Examples provided are for illustrative purposes only and not intended to be reflective of results you can expect to achieve.
Order Type In Depth – Trailing Stop Limit Sell Order
But if the price only falls to $49.20, your trailing stop order won’t be executed. If the asset price then moves up to, say $51, the trailing stop is then adjusted to $49.98. Keep in mind, other fees such as trading (non-commission) fees, Gold subscription fees, wire transfer fees, and paper statement fees may apply to your brokerage account. When an investor is long a stock, a trailing stop loss reflects a sell order. When an investor holds a short position and expects a stock to fall, a trailing stop loss reflects a buy order. A trailing stock loss is an order that executes when the price of a security moves a percentage or dollar amount in a specified direction.
But, if the asset price falls to $49, from a high of $50, then your XYZ assets will be sold at $49. Firstly, if the stock moves against the trader, the trailing stop will trigger when ETH hits $80, protecting him from further losses. But if the stock price moves up to $200, the trigger price for trailing stop comes along with it.
How Does a Trailing Stop Work?
A trailing stop loss order is guaranteed to be executed if the security price reaches the stop loss level, even if the stock price rapidly declines even lower. A stop limit order is not executed if the price quickly falls below the stop limit level. A trailing stop loss is a type of order that enables the trader to set a maximum dollar amount or percentage drop from the high point of a running position. The order is designed to capture a higher exit price on a position (a long position) every time the price ticks higher. If the price moves in your favor, the ‘trailing’ aspect pushes the stop order higher. Once the security price does fall by the maximum $ or % specified, the position gets stopped-out.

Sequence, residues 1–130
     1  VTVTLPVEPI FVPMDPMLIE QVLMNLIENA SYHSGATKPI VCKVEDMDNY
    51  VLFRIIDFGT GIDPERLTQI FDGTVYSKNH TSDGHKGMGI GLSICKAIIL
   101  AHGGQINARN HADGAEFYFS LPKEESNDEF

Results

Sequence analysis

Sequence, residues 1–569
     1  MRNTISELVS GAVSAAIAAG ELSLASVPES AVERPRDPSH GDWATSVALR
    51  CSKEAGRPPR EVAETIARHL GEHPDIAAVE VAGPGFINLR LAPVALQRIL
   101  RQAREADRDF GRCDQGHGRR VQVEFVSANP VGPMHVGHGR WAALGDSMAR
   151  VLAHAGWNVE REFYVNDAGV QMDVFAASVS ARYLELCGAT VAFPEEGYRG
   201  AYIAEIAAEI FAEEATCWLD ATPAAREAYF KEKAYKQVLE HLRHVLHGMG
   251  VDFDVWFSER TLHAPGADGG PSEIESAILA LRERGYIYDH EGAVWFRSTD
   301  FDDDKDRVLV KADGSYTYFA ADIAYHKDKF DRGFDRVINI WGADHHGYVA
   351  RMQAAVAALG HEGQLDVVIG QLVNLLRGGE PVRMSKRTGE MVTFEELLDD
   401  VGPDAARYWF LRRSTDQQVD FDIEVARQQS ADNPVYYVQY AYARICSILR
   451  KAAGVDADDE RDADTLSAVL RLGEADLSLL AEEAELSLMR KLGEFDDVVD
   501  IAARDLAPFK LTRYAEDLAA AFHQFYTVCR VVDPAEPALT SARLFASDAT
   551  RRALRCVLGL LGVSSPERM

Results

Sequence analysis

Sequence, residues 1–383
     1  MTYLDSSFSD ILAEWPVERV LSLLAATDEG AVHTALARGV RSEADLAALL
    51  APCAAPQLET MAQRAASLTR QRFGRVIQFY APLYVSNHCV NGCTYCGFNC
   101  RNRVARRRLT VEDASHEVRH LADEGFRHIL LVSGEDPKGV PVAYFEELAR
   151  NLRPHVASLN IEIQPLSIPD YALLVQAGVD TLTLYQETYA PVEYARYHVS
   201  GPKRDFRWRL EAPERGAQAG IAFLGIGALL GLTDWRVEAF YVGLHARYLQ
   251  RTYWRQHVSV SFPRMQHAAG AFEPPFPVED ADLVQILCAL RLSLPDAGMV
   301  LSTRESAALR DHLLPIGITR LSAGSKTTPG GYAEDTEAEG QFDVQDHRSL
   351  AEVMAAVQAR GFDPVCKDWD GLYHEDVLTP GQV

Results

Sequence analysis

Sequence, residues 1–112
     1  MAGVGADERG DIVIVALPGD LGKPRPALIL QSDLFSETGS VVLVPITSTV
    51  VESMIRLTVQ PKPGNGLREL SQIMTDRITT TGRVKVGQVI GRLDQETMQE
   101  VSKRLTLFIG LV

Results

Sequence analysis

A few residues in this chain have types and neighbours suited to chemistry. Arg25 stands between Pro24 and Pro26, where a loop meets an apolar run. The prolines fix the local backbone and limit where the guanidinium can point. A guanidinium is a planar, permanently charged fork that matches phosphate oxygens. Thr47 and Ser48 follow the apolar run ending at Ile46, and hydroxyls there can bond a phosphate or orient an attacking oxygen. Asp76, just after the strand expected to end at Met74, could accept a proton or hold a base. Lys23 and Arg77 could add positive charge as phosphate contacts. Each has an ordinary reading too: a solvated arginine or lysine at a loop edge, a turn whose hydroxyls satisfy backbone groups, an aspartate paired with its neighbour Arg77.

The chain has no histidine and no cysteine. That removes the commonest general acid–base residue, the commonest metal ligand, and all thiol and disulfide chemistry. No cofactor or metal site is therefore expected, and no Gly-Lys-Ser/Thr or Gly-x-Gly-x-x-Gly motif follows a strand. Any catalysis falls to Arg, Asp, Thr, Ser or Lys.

A stop loss that is too tight will usually result in a losing trade, albeit a small one. To do this, first create a SELL order, then click select TRAIL LIMIT in the Type field and enter 0.20 in the Trailing Amt field. In a trailing stop limit order, you specify a stop price and either a limit price or a limit offset. In this example, we are going to set the limit offset; the limit price is then calculated as Stop Price – Limit Offset. You enter a stop price of 61.70 and a limit offset of 0.10.
The trailing amount, designated in either points or percentages, then follows (or “trails”) a stock’s price as it moves up (for sell orders) or down (for buy orders). As soon as you submit your order, the price of XYZ starts to rise and hits $62.66. The trailing stop price has adjusted accordingly and is at $62.46, or $62.66 – the $0.20 trailing amount. By looking at prior advances in the stock you see that the price will often experience a pullback of 5% to 8% before moving higher again. These prior movements can help establish the percentage level to use for a trailing stop.